When NCSE started its climate change program just over two years ago, we encountered a lot of skepticism–but not from the usual suspects. We expected the climate change denial folks to argue that there was limited science behind climate change, so how could we advocate teaching of it? We also anticipated some concern among our faithful followers regarding our choice to expand beyond our original topic of evolution.
But some of the most unexpected questions actually came from the climate change community–folks who supported the science behind climate change. How could we waste time focusing on kids when there were politicians who needed arm-twisting and media outlets that needed fact-checking? Education takes too long, we were told, we need action now–and it wasn’t going to come from anyone under the age of 18.
This, of course, is nonsense. Groups such as the Alliance for Climate Education, the Will Steger Foundation, NASA, NOAA and many others, have demonstrated that an educated youth can be a powerful force of nature. But it's often difficult to get education on the table when there are adults in the room. There is sometimes fear that the ideas will be too complex, the implications too terrifying, the results too depressing to address with students.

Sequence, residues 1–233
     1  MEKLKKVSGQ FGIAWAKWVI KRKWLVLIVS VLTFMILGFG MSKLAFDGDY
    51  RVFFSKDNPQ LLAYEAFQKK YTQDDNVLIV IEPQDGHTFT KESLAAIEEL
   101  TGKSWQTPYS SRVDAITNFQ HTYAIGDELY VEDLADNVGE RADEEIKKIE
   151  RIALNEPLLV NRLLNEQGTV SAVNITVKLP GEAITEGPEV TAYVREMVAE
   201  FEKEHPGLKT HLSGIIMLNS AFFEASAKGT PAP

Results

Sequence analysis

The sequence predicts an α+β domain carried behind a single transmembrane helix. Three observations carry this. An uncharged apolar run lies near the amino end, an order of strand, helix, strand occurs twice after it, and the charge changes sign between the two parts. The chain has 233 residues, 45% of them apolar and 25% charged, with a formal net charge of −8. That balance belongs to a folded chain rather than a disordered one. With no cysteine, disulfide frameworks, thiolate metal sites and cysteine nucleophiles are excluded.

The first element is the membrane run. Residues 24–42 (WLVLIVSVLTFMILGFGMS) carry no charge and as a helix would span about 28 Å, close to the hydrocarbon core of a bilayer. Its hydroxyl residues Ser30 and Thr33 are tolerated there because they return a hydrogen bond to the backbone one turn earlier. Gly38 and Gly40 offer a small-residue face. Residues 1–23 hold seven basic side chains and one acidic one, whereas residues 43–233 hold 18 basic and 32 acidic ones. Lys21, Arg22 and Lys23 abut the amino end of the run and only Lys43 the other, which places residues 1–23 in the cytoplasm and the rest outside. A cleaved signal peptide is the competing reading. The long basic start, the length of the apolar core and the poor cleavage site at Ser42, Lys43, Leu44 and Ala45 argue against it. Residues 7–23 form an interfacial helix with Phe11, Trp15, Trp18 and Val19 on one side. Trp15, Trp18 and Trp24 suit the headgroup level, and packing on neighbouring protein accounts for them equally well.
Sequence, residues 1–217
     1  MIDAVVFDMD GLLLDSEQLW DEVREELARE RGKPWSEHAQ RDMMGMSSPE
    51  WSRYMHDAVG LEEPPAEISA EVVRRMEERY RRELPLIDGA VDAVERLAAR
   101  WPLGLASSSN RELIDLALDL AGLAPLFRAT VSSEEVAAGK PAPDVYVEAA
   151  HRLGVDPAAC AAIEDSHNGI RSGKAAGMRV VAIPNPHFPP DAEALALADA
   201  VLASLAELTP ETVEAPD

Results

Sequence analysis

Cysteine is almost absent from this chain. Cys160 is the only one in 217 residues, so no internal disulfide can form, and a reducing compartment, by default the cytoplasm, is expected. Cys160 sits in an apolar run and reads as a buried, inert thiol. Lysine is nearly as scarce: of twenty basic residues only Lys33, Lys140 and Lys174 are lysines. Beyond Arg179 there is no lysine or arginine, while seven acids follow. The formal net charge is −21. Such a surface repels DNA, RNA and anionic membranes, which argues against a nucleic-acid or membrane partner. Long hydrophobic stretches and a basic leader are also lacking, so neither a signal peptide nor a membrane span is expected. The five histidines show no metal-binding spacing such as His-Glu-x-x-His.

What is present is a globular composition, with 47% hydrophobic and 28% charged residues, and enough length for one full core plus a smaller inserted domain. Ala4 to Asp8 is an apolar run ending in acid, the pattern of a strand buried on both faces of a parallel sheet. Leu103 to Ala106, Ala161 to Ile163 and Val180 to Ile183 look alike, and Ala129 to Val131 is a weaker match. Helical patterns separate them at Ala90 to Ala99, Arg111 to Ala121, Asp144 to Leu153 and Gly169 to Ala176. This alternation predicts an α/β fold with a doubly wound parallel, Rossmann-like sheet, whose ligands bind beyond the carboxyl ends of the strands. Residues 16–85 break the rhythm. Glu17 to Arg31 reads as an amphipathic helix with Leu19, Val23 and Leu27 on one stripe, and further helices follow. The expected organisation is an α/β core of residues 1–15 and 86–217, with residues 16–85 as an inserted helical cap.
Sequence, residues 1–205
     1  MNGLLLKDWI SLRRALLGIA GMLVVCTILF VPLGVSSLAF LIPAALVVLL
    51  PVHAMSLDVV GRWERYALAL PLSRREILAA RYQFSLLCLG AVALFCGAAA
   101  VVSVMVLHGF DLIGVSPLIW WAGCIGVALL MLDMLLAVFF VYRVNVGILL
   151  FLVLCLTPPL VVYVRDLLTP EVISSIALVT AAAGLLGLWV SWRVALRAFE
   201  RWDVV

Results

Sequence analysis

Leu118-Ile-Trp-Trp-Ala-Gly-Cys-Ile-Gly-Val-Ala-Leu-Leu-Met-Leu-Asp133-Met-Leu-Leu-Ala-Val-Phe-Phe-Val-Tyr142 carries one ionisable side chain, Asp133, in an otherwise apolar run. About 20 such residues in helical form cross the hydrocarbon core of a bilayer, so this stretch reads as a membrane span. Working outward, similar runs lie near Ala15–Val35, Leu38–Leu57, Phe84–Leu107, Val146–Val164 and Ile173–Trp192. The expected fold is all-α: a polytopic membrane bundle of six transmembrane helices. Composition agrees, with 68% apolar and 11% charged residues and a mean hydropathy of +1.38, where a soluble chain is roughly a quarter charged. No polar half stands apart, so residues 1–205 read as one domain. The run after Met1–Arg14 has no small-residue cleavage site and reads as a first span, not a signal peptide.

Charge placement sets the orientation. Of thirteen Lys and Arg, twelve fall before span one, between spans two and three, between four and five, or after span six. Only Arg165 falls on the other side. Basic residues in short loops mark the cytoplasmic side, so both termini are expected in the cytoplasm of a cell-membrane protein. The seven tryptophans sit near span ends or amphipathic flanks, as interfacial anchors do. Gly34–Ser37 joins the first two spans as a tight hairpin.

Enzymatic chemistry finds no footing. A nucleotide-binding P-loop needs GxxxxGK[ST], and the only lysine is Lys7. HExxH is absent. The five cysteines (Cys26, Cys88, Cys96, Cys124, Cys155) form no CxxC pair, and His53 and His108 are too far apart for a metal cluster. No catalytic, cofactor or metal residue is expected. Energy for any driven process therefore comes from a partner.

So when my NCSE colleague Mark McCaffrey was invited to the White House for the May 6 rollout of the National Climate Assessment (NCA), we could not say “no”. With Mark’s invitation, students and educators were being invited to come to the table to talk about climate change, discuss opportunities, and figure out how the NCA can be used to create an educated population of adults–and future adults.
The NCA is an amazing treasure trove of information that some folks might find overwhelming at first. It has information on agriculture, energy, infrastructure, and even regional chapters. Almost any question you might pose about how climate change is impacting your region of the United States are answered by the NCA. But with each answer comes another question–and this is the best possible question to pose to kids–what can we do about it?
Rather than presenting climate change information in doomsday fashion, it can be brought to the classroom as an “opening of opportunities”. The NCA has a section on adaptation, another on mitigation, and any number of chances to connect scientific findings to engineering and ecosystem analyses.
The NCA's rollout may be the end of many months of work for those who wrote it, but for educators across the country it is the start of something that could be extremely powerful. As Mark said at the White House panel, there are many educational opportunities ahead but it'll take a lot of work to get there. It’s no longer just a question of who will stand up for the science–we need people to stand up for the students as well. NCSE is ready and willing. Are you?